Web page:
Friday, September 14, 2012

El Estrecho del Magdalena and the Town of Obando

I choose this picture because I look a little less old and a little less tubby
Day Siete of La Gran Aventura Colombiana continues with a somewhat, sort of, harrowing drive down the steep side of one side of the mountain and up the other. At the bottom of one cliff (each cliff, actually) is El Estrecho del Magdalena. This is a point where the Magdalena River briefly narrows ("el estrecho" meaning, "the narrows") on its journey northward through Colombia, to the distant Caribbean port of Barranquilla. (Purist's point: the river is travelling west to east at this point, in the general vicinity of San Agustín, soon to make a bend to begin its long northward trek).

From there, it was up the other sheer side of the valley. At the crest of the hill was the sad little town of Obando:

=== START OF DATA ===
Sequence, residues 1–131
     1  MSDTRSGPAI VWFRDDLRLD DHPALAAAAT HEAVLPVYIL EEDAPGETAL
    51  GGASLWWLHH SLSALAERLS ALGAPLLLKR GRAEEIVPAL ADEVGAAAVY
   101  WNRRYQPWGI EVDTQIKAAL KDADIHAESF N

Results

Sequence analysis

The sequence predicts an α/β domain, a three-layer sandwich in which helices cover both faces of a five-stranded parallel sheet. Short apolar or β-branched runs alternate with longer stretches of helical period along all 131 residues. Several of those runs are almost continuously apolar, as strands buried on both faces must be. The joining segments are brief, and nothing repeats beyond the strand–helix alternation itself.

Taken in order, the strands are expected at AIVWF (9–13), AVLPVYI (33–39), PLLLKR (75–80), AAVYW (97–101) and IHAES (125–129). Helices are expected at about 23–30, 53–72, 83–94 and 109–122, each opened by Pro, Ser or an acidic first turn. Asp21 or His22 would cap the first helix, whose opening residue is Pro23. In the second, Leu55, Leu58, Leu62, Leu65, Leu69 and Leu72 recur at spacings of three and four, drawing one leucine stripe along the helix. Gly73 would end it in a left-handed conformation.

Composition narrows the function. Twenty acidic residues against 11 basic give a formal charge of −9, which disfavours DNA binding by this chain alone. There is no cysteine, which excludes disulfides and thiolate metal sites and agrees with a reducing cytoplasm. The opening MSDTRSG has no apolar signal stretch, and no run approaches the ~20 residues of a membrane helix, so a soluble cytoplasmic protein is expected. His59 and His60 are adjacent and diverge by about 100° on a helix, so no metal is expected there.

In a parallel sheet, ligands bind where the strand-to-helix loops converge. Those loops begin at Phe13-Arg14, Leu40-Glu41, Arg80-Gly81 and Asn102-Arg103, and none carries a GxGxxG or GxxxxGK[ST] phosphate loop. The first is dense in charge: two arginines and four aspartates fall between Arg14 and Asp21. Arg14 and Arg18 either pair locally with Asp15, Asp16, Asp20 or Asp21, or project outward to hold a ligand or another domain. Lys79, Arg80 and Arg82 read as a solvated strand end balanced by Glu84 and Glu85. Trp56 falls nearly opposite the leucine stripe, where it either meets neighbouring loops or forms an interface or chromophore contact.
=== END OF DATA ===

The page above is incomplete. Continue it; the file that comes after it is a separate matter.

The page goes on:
Obando had an archaeological site that consisted of two tombs of the type that would be expected to have San Agustín-type statuary.  Sadly, for this town, its statuary was gone before it could be preserved. The golden contents of the tombs looted and the ceramics shattered.
The tombs of Obando
I don't mean this as a criticism -- I really don't because, when I criticize, there is no doubt about my intent -- but Obando reminded me of some hard luck towns in the States (see, e.g., the Iron Range of Nothern Minnesota) that desperately want to be tourist attractions.  The people are friendly.  Their motives are sincere.  But the sights ... well ... they just aren't all that ... interesting.
The Museo y Parque Arqueológico de Obando has an interesting diorama of Indian life, but the only reason to stop here is calm your nerves after the mountainside drive.  Well, that and the fact that Obando is known for its "cuy."

Obandicuy! Want some? Yummmmm.
What’s "cuy"? Look at the picture on the side of the building. Look what’s on the plate. Cuy.  Guinea pig.

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